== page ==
Videoconferencing cameras and security: Is someone watching?
September 16, 2016
With security and privacy in the news seemingly every day, people are becoming more mindful of safeguarding personal information. A lesser-known privacy issue is the possibility of a hacker gaining control of the videoconferencing camera in your laptop, or even in conference rooms. In addition to gaining access to the computer network in this way, hackers can also eavesdrop and watch through the camera. Draper has developed a new white paper entitled “Is Someone Watching” which details this issue, and offers some solutions to deal with it.
Could someone potentially be watching and listening to you conduct business via the videoconferencing camera in your conference room—even when it isn’t supposed to be on? The importance of keeping videoconferencing cameras out of the room when not in use is underscored by at least two incidents in recent years.
The first came in January of 2012 when HD Moore—a security officer for the company Rapid7 which looks for security weaknesses in Internet of Things devices—was able to hack into videoconferencing equipment. He was able to control the cameras, panning and zooming all around the room. According to a New York Times article, Moore found his way into venture capital, oil, law, and pharmaceutical companies. He even got into a courtroom remotely through the camera.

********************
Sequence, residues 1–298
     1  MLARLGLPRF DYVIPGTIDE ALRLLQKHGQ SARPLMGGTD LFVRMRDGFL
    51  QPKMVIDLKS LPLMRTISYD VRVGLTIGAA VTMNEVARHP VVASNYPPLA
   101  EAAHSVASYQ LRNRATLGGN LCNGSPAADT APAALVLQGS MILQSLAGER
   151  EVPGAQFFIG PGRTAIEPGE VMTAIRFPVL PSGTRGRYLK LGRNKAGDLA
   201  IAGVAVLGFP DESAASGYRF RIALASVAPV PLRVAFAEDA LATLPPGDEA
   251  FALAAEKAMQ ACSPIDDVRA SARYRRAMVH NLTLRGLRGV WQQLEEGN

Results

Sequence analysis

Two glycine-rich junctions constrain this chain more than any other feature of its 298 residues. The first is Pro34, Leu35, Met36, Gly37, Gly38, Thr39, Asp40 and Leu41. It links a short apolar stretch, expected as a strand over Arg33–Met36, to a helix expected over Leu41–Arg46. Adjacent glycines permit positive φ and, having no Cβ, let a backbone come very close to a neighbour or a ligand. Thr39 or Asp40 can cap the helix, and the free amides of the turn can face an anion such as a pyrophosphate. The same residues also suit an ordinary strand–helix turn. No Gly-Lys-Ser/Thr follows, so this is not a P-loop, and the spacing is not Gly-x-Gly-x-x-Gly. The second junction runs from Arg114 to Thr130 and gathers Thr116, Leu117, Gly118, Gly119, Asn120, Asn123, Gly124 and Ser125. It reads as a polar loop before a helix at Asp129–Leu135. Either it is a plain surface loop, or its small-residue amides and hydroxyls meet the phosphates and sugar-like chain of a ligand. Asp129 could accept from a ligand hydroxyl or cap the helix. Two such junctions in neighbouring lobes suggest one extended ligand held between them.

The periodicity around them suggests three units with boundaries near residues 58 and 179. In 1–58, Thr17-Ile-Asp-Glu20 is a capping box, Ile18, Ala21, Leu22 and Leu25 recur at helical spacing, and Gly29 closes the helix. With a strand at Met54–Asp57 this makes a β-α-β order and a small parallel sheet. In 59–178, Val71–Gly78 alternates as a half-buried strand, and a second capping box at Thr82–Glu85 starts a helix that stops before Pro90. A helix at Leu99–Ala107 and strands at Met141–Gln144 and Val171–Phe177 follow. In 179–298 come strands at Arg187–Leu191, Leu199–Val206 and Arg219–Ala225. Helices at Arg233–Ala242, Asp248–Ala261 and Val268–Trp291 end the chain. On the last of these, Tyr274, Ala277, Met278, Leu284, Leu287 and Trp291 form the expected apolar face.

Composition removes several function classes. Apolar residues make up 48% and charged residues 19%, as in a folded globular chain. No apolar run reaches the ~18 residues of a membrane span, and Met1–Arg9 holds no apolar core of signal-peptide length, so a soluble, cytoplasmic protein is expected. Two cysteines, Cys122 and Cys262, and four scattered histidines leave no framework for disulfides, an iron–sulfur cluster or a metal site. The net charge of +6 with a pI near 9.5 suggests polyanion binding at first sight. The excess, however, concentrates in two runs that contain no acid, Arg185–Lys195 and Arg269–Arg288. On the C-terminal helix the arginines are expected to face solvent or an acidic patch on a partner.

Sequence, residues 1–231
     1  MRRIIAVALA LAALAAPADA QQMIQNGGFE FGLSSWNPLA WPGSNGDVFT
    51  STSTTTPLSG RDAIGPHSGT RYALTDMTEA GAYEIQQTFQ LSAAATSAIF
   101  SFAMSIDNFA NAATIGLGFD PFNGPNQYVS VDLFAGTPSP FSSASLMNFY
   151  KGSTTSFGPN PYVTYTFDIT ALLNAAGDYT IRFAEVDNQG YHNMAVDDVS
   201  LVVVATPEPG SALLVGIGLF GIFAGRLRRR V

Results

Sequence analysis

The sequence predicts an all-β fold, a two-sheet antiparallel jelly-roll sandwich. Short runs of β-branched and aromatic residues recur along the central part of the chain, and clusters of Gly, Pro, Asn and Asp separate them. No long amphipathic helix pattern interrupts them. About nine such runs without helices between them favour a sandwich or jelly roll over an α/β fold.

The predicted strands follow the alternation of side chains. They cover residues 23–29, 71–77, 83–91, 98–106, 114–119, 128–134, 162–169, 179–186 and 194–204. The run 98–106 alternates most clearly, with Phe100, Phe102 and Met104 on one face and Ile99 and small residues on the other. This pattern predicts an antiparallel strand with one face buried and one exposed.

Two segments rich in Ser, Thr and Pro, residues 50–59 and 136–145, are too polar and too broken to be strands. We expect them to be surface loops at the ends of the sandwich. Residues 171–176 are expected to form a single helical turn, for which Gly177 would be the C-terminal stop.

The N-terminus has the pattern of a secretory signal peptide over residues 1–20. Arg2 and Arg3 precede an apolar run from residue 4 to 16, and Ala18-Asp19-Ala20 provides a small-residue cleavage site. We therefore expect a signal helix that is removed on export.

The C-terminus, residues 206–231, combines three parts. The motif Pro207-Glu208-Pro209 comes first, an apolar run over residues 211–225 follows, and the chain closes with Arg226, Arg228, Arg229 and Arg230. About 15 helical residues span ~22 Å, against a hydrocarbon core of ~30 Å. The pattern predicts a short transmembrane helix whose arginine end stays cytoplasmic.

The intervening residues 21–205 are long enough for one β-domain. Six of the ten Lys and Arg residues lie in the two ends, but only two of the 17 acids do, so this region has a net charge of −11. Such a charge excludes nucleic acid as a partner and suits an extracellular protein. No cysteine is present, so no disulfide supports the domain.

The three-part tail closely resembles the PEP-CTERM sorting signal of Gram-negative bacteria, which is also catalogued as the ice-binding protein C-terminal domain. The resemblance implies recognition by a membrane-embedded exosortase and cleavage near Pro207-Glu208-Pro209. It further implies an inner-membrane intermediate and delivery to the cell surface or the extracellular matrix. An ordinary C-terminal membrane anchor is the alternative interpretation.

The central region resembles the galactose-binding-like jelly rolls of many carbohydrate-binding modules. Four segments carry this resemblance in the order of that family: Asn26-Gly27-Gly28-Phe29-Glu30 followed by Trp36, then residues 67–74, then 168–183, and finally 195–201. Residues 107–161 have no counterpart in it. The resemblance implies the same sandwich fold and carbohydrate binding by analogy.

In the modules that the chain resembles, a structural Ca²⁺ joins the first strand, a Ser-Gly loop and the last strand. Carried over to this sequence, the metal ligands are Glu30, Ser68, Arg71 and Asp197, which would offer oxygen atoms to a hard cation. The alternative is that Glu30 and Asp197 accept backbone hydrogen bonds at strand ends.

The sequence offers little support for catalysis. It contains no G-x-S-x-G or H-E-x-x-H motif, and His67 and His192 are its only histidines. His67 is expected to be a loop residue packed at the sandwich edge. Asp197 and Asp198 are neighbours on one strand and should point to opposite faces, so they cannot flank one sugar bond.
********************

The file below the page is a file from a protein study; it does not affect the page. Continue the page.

The second warning shot came at the 2013 Black Hat Europe, a security conference. During a presentation at Black Hat, Moritz Jodeit showed how to gain root access to video conferencing devices which could allow, among other things, a remote user to take control of the devices—including cameras and microphones.
Does it Really Matter?
Of course, hijacking a webcam on someone’s personal computer and watching in the privacy of a home or office is obviously an intrusion on personal privacy. Even the FBI director and the founder of Facebook are known to put pieces of tape over their laptop webcams for security. But peering into an empty meeting room through a videoconferencing camera isn’t that big a deal, you might think.
Or is it? Much damage can result from overheard business conversations. One might also feel the possibility of a hacker gaining control of a video conferencing camera too remote to think about. However, there are many instances where privacy issues mean that any possibility is too much.
To read the complete white paper “Is Someone Watching,” and to download a free PDF copy, click here.
Company: Draper, Inc.
Of: Terry Coffey
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